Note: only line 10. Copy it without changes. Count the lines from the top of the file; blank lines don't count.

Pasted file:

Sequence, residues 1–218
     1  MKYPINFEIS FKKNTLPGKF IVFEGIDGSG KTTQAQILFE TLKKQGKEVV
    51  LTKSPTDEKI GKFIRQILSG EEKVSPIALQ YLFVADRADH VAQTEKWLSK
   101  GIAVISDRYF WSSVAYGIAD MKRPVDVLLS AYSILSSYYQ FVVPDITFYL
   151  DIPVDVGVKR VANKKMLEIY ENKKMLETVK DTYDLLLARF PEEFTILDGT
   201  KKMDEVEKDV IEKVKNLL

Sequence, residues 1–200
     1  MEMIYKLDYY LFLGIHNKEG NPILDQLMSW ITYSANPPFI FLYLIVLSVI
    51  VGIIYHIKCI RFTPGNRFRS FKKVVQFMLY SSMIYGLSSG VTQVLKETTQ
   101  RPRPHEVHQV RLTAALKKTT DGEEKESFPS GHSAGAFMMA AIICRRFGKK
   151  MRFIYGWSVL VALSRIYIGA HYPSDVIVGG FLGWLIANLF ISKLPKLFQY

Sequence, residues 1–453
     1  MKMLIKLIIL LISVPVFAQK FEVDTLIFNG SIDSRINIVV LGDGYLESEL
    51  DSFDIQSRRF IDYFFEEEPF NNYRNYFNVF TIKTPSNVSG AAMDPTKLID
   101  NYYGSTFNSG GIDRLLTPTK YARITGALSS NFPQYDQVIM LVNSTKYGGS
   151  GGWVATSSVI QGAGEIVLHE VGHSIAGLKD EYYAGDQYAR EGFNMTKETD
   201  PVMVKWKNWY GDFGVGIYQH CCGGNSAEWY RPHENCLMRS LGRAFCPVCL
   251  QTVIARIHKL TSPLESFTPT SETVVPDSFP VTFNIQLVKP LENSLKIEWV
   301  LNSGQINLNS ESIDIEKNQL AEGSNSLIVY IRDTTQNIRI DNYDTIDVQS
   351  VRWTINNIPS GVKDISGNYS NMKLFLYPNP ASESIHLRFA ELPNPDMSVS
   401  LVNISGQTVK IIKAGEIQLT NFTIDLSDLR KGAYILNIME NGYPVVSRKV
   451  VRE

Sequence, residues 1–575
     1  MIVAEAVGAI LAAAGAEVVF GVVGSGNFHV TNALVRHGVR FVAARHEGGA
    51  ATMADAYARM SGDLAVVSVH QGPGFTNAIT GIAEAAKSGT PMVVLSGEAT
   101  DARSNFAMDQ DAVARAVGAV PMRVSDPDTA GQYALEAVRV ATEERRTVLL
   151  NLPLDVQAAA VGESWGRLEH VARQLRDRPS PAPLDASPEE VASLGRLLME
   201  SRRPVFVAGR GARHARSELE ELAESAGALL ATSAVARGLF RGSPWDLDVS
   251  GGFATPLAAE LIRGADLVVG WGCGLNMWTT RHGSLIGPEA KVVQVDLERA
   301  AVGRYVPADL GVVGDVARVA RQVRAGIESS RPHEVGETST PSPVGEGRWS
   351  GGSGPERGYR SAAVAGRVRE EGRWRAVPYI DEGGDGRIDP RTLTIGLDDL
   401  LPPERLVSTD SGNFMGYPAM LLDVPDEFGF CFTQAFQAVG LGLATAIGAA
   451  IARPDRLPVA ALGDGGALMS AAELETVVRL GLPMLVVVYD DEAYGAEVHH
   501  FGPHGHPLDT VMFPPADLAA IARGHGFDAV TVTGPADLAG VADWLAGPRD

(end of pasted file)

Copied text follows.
   101  RPRPHEVHQV RLTAALKKTT DGEEKESFPS GHSAGAFMMA AIICRRFGKK